martes, 14 de abril de 2015

If Russia delivers the S-300 missile to Iran, it would fundamentally change U.S. war plans

Putin’s Missile Could Make U.S. Attacks on Iran Nearly Impossible

by Dave Majumdar

For years, Team Obama crowed about keeping this advanced Russian missile out of Iran’s hands. Now the Kremlin suddenly seems eager to hand it over to Tehran.
This nuke deal with Iran had better work. Because the Kremlin is lifting a ban on selling a powerful air defense system to Iran that would render an airstrike on Tehran’s nuclear weapons facilities nearly impossible.

The delivery of the new weapon, called the Almaz-Antei S-300PMU-1—known as the SA-20 Gargoyle in NATO parlance—would effectively force the U.S. to rely on its small fleet of stealth aircraft to strike targets inside Iran in case the mullahs make a dash for the bomb. But even those aircraft might have a difficult time.

“This would be a huge deal depending on where they [the S-300s] are based…The Persian Gulf would be an interesting place to fly,” said one senior defense official with experience on multiple stealth aircraft types. “These new [surface-to-air missiles] change the whole complexion…It’s a big move.”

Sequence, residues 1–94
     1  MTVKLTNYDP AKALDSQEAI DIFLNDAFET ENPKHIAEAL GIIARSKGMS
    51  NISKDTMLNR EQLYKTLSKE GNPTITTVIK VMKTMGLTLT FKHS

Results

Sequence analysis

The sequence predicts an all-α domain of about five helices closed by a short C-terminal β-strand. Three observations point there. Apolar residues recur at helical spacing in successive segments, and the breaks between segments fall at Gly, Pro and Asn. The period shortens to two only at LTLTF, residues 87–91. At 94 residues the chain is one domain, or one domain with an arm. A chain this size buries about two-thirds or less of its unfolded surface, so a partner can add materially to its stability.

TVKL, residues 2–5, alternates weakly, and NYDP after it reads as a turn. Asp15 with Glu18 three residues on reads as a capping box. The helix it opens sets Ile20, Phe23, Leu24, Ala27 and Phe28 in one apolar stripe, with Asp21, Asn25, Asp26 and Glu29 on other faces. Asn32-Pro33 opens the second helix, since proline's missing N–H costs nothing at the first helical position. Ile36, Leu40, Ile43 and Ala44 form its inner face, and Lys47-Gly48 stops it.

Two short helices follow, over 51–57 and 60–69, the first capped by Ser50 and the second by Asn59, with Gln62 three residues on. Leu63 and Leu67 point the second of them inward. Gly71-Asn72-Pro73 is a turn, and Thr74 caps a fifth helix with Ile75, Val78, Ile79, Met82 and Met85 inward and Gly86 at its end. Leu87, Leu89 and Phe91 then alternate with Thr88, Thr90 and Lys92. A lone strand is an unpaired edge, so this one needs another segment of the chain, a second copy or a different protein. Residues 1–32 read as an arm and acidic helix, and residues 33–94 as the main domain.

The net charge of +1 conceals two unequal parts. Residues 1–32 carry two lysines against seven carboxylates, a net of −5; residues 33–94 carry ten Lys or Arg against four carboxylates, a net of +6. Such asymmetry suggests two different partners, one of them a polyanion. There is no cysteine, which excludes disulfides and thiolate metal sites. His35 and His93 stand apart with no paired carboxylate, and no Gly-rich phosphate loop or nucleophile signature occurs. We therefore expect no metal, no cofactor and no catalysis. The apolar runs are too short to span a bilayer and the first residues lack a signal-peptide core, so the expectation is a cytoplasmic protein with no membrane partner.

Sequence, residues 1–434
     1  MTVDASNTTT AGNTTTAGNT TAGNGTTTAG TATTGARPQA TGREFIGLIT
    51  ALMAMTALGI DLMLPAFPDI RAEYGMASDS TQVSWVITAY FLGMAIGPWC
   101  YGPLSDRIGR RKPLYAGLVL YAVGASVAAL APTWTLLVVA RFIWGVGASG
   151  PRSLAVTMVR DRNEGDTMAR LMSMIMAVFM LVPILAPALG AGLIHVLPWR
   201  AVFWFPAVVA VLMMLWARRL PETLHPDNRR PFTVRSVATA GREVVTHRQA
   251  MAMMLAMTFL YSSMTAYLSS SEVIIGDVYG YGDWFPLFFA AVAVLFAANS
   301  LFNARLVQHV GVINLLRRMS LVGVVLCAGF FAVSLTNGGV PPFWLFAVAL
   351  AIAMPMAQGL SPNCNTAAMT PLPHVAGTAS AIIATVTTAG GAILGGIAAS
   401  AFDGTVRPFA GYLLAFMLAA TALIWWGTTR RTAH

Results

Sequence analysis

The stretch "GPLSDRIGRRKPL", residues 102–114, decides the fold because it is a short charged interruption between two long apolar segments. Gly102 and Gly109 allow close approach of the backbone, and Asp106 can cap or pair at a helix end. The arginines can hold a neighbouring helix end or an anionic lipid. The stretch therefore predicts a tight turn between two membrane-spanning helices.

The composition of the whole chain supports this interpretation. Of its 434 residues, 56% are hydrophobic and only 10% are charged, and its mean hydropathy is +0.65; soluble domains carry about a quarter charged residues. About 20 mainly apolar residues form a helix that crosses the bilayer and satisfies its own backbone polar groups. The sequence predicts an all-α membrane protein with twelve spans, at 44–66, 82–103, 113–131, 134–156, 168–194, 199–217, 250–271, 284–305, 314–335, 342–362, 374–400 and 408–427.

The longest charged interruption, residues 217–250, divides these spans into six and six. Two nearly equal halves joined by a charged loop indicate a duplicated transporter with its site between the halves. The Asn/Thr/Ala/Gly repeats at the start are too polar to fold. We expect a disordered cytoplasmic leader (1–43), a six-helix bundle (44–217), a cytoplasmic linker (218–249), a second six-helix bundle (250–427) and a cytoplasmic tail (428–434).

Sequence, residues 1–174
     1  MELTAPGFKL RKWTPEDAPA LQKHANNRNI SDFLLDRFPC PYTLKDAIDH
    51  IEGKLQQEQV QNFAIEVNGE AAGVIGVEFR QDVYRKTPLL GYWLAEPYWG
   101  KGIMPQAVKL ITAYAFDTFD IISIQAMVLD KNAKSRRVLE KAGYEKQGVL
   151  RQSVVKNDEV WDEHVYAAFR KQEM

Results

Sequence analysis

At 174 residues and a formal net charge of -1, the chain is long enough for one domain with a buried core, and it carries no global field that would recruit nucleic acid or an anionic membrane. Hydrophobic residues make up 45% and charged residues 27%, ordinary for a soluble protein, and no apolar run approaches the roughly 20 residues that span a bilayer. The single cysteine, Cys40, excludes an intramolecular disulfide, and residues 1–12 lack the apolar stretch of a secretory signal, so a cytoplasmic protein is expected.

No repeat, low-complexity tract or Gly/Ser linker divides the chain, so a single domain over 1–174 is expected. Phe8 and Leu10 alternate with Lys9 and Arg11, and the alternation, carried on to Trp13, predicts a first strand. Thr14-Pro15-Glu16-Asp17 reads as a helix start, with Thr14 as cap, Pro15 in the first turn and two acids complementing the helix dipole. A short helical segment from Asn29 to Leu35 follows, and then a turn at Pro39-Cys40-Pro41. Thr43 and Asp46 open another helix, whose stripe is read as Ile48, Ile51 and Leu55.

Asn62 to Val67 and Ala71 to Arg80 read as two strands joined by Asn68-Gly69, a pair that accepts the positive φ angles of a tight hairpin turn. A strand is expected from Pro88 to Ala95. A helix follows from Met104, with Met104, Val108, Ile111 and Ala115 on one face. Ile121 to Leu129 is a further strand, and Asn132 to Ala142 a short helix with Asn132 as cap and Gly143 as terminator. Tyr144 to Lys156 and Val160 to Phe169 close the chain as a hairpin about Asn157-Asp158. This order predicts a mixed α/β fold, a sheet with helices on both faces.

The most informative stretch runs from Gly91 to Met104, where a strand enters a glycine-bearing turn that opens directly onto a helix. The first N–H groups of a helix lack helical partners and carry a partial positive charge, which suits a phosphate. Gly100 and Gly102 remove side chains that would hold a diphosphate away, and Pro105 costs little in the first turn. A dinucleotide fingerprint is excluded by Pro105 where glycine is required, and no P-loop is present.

According to a report from Russian state media, Russian President Vladimir Putin signed a decree on Monday that would allow the sale of the fearsome S-300 air defense system to Iran.

“[The presidential] decree lifts the ban on transit through Russian territory, including airlift, and the export from the Russian Federation to the Islamic Republic of Iran, and also the transfer to the Islamic Republic of Iran outside the territory of the Russian Federation, both by sea and by air, of air defense missile systems S-300,” reads the Kremlin statement, according to RIA Novosti.

The U.S. government has lobbied Russia hard for years to prevent the sale of the S-300 to Iran. In 2010, convincing Putin to suspend the sale of the S-300 to Iran was heralded as a major foreign policy coup by the Obama administration. In many ways, it was one of the central achievements of the so-called reset in relations with Moscow, said Heather Conley, a Russia expert at the Center for Strategic and International Studies in Washington.

Since then, of course, relations with Russia have cooled to nearly Cold War levels of hostility. Making life difficult for American policymakers is once again a Kremlin priority. “Mr. Putin’s policies are not designed to assist the West or to make our jobs and ability to affect policy much more difficult,” Conley said. “It’s also a reminder to Washington and other Western capitals that they have some cards to play here.”


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